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Old 10-09-2009, 12:26 AM
 
42 posts, read 230,403 times
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The recent release of the United Nation's HDI (Human Development Index) compares a range of statistical data to determine the places in the world with the highest standard of living...

1. Norway
2. AUSTRALIA
3. Iceland
4. Canada
5. Ireland
6. Netherlands
7. Sweden
8. France
9. Switzerland
10. Japan
13. UNITED STATES
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Old 10-09-2009, 07:16 AM
 
Location: MichOhioigan
1,546 posts, read 2,538,438 times
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I was surprised that they each ranked as high as they did. I would have thought Australia would have been in the 7th-12th range and the U.S. in the high teens.
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Old 10-09-2009, 04:49 PM
 
Location: Greater PDX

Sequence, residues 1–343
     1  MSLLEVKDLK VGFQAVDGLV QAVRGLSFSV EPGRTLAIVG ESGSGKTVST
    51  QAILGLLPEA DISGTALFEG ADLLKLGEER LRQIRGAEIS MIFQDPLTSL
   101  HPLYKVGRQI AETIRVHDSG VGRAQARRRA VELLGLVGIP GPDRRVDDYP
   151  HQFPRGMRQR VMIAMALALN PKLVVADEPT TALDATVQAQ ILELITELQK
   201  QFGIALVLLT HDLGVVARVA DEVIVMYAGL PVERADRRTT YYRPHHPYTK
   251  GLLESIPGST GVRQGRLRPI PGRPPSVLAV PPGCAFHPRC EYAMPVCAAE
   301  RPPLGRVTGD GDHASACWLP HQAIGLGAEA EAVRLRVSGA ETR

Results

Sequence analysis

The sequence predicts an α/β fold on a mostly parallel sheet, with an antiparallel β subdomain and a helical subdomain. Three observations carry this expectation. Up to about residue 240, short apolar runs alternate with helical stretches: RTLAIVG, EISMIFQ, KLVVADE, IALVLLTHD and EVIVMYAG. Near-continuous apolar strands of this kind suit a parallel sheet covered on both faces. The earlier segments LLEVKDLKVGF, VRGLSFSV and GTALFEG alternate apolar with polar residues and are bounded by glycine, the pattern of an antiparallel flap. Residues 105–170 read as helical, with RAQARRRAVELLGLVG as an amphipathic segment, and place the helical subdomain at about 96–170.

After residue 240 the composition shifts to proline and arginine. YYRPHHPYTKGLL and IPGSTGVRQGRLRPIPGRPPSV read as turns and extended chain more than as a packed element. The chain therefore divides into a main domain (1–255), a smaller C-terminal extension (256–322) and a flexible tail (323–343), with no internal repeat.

1,018 posts, read 3,728,537 times
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I thought Australia's would be a lot lower, what with the dingos eating everyone's babies.
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Old 10-10-2009, 09:13 AM
 
Location: Sarasota, Florida
15,400 posts, read 19,583,269 times
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I thought the US would be ranked even lower.
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Old 10-10-2009, 10:54 AM
 
11,177 posts, read 22,391,357 times
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Quote:
Originally Posted by John Shaft View Post
I thought Australia's would be a lot lower, what with the dingos eating everyone's babies.
hahahaha, love it
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Old 11-05-2011, 07:48 PM
 
Location: 30-40N 90-100W
13,856 posts, read 22,982,118 times
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They've since changed their method anyway. In the new methodology the top ten is

1. Norway
2. Australia
3. The Netherlands
4. USA
5. New Zealand
6. Canada
7. Ireland
8. Liechtenstein
9. Germany
10. Sweden

International Human Development Indicators - UNDP